Vail Valley Voices: Water quality is crucial | VailDaily.com
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Vail Valley Voices: Water quality is crucial

Rick Sackbauer and Tom LeonhardtVail, CO, Colorado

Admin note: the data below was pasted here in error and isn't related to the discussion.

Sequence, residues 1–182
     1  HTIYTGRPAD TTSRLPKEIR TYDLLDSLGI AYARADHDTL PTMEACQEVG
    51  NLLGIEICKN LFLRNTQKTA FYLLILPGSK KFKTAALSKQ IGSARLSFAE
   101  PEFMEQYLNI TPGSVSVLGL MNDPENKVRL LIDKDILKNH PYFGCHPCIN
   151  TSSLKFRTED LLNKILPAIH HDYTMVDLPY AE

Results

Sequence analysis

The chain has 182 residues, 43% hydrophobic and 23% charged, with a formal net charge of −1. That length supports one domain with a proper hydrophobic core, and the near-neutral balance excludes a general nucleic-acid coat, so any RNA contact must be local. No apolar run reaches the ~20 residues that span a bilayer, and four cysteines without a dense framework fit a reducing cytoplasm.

The Vail community became concerned about water on Sunday, Oct. 30, when a truck carrying hazardous material crashed on Vail Pass. As the board chairmen of the two local governments that own and operate the public water systems from East Vail through Cordillera, know that the safety of your public water systems is our top priority.Our boards and staff are dedicated to ensuring the public health of our community. The public water system affects 100 percent of the community, 100 percent of the time. That is a massive responsibility.Our staff works every day to keep you confident in your drinking water. Your public water systems rely on local waterways to produce high quality drinking water. Thus, Eagle River Water & Sanitation District and Upper Eagle Regional Water Authority also take steps to protect and improve water quality in Gore Creek and the Eagle River as part of our mission.When our source waters are threatened, we take swift and deliberate action to shut down intakes on local waterways to protect water treatment facilities from any potential contaminants they are not designed to remove. The water treatment process produces high quality drinking water and is constantly monitored until finished drinking water is released to the public water distribution system. Water that is already in the distribution system (e.g., main lines, storage tanks, residential and business service lines) remains unaffected by potential threats to local waterways.When environmental accidents occur, such as the Oct. 30 hazardous material spill, emergency responders work to contain harmful materials. As part of routine emergency response, if a substance threatens a waterway, our staff is notified — at any time of day — as they were on this recent Sunday. Decisions to shut off water intakes are done as proactive, precautionary measures because, when public safety is concerned, an abundance of caution is the right decision.Closing the link from the river strengthens the separation of the natural waterways from the secure, treated water distribution system. Fortunately, over many years of public investment in our water infrastructure, your public water systems are flexible, reliable, and better equipped to respond to different water supply challenges.Current and past boards have supported significant system improvements that provide a variety of water sources, redundancy in the water system, and remote monitoring of hundreds of system components and water quality parameters, to continue our mission of providing high quality, reliable water service.In a post 9/11 world, we are compelled to speak only in general terms about our systems to keep them safe. We stay ahead in a complex, technical industry by ensuring we have a highly trained and committed staff. As local governments, your boards of directors are your friends and neighbors with long records of serving the community (go to http://www.erwsd.org).Our public service organizations are vital to everyday life. Public trust in our operations is essential. We appreciate your confidence in the public drinking water systems and welcome your comments.Rick Sackbauer and Tom Leonhardt are the board chairs of Eagle River Water & Sanitation District and Upper Eagle Regional Water Authority, respectively. Eagle River Water & Sanitation District owns, operates, and maintains the Vail public water system. Eagle River Water & Sanitation District also operates and maintains, by contract, the Upper Eagle Regional Water Authority public water system, which provides water service to Arrowhead, Avon, Bachelor Gulch, Beaver Creek, Berry Creek, Cordillera, Eagle-Vail and Edwards.


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